I’m arguing that the third option is the best choice – make the situation better by adopting a SOLUTION FOCUS.  Here is how you can get started:

Step one:  STOP AGONIZING over the problem and endlessly describing WHAT is going wrong.  While it might feel good to complain or vent, it isn’t going to help solve the problem.  Worse, the more you describe all the times the dog has failed and the fallout from that failure, the less likely you are to BELIEVE the problem can be fixed.

Step Two:  COMMIT to the need for the behavior.  This is important because if you don’t believe the behavior is important, you won’t put in the work to train it to fluency.  In the start line example, don’t try to convince yourself that you don’t need a start line.

Step Three: ADOPT A SOLUTION FOCUS. Rather than focusing on the problem, focus on the solution. Even before you have had time to think through the entire training plan, ask yourself:  What is one thing I can do right now to make the situation better?  For example, if you are in agility class and your dog has repeatedly failed at maintaining a start-line-stay, the one thing you could do “right now”, is to apply the first rule for getting out of a hole…”stop digging”.  Have someone hold your dog so the mistakes stop or eliminate the need for a stay by starting your dog from a tunnel or a send to a jump.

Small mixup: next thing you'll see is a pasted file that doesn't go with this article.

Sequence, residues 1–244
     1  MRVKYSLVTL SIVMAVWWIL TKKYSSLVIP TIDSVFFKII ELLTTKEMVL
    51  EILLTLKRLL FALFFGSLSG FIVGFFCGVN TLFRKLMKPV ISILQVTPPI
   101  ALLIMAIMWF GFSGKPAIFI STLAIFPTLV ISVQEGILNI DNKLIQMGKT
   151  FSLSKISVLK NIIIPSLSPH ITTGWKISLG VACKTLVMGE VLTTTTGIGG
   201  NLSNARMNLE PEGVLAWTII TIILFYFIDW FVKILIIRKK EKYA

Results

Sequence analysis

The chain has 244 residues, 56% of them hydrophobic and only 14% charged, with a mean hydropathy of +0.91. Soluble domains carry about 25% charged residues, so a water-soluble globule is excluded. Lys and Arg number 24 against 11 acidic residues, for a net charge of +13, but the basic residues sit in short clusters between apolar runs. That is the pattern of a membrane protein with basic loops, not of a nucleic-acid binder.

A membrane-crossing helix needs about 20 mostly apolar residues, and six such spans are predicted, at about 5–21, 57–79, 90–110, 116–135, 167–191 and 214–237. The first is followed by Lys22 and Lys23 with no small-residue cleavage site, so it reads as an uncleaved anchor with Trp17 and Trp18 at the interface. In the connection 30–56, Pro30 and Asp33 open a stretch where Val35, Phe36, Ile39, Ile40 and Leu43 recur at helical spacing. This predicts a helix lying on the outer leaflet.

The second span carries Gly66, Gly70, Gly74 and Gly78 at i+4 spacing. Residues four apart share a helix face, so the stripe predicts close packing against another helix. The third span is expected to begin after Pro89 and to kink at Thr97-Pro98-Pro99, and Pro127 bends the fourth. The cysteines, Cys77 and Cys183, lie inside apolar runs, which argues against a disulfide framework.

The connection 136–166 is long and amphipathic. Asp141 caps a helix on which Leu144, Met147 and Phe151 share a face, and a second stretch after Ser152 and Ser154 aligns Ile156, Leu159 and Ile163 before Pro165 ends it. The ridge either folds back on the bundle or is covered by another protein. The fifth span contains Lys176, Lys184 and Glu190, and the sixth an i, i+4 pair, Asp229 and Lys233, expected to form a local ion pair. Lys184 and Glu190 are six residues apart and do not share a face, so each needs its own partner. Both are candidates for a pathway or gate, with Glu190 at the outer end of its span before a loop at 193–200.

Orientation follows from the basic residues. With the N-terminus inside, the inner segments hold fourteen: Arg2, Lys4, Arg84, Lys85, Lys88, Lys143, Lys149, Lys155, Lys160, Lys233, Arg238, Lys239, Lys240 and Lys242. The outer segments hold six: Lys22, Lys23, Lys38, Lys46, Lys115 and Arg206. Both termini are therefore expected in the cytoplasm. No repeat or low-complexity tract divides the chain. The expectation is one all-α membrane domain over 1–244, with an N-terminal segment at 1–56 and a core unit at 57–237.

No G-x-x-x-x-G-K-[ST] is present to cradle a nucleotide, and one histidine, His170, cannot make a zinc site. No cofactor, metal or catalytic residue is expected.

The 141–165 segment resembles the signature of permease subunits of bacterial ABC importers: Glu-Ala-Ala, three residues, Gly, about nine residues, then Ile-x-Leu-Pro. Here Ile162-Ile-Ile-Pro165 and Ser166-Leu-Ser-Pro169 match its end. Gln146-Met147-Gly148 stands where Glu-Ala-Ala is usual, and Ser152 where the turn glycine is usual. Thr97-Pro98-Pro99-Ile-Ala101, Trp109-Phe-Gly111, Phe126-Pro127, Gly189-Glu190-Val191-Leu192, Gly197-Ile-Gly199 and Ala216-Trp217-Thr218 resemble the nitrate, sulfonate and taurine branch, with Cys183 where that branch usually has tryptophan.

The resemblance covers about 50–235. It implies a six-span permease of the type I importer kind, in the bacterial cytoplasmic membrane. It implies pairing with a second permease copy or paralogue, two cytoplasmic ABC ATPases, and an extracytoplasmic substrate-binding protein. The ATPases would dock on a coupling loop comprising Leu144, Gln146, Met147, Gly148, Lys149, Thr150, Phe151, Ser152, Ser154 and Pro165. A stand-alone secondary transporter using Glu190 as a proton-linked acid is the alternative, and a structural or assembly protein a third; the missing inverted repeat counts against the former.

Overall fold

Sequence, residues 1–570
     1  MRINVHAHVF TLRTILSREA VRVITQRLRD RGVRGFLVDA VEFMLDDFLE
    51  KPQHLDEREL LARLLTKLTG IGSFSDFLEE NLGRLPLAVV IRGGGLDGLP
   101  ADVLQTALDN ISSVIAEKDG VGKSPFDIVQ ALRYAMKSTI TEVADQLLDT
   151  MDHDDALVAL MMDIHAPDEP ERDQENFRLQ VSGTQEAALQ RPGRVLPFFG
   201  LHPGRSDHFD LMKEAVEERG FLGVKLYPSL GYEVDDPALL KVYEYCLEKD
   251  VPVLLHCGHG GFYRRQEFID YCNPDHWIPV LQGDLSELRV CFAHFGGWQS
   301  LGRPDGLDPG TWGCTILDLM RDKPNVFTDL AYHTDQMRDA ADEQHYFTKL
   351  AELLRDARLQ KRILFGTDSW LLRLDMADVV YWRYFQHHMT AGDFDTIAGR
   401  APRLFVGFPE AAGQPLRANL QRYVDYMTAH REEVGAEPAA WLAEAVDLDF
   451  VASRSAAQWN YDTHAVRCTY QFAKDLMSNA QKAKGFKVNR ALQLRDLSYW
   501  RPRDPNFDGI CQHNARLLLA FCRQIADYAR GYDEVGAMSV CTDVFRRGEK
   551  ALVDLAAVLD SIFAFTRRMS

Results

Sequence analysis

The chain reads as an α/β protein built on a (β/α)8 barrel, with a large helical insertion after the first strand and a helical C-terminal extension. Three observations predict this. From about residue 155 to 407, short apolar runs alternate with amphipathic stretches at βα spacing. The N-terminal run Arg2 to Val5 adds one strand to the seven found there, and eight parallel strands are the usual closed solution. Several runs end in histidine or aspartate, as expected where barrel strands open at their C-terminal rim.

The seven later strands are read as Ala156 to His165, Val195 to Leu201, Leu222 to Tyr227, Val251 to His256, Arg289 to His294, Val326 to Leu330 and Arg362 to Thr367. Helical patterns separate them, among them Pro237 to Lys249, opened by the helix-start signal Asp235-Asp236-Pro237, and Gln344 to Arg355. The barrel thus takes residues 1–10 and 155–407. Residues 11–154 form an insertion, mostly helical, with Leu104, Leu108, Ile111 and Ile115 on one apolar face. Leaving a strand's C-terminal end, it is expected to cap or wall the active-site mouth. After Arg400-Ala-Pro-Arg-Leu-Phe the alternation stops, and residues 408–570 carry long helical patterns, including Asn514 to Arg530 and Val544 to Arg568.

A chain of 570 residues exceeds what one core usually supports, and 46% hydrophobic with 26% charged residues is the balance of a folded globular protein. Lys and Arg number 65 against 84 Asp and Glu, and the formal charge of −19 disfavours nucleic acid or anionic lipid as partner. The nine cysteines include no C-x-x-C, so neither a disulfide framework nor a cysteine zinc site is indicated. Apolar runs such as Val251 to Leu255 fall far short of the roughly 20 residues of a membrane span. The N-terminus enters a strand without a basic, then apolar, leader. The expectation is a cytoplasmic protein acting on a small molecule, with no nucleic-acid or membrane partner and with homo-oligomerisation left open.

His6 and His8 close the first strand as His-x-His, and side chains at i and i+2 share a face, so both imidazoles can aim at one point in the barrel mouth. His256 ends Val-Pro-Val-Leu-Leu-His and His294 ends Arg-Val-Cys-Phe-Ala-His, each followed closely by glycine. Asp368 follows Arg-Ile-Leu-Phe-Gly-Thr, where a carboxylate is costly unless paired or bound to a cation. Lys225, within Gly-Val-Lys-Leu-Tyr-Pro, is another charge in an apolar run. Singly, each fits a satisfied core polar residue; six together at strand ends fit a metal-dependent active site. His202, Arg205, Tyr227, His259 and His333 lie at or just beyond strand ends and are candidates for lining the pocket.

Then step back and evaluate the current situation.

  • Video tape your training sessions.  If you haven’t done this before, you will be amazed at how much you can learn from watching your own training sessions.  It’s simply too difficult to evaluate or remember all that is happening in the moment.  Adding a bit of record keeping can be helpful too!
  •  Test the dog against distraction, duration and distance.  Find out where the dog’s limits are and start from there.
  • Evaluate your reward structure and mechanics.  Does your dog value the reinforcement you are giving him?  Are you delivering the cookie or toy in a way that allows the dog to keep his butt on the ground or are you inadvertently training your dog to scooch?
  • Are you only reinforcing when you lead out within 5 feet but never if you lead out 10 feet?
  • Are you marking the good choice to stay BEFORE you turn around and run back to reinforce the dog?
  • Are you releasing on verbal only or sometimes on movement?

Adopting a solution focus can be applied to any dog training or handling skill including contact behavior, weave poles entries, weave pole exits, front cross execution, course analysis, ring nerves, etc.

Sometimes the honest answer to the question: “What is the one I can do right now to make things better” is “I don’t know”.  Don’t accept that answer…gather more information, study, read or seek out an expert.  Keeping your focus on the solution rather than the problem frees your mental energy to work toward positive improvement instead of eroding your confidence and potentially leading to more errors.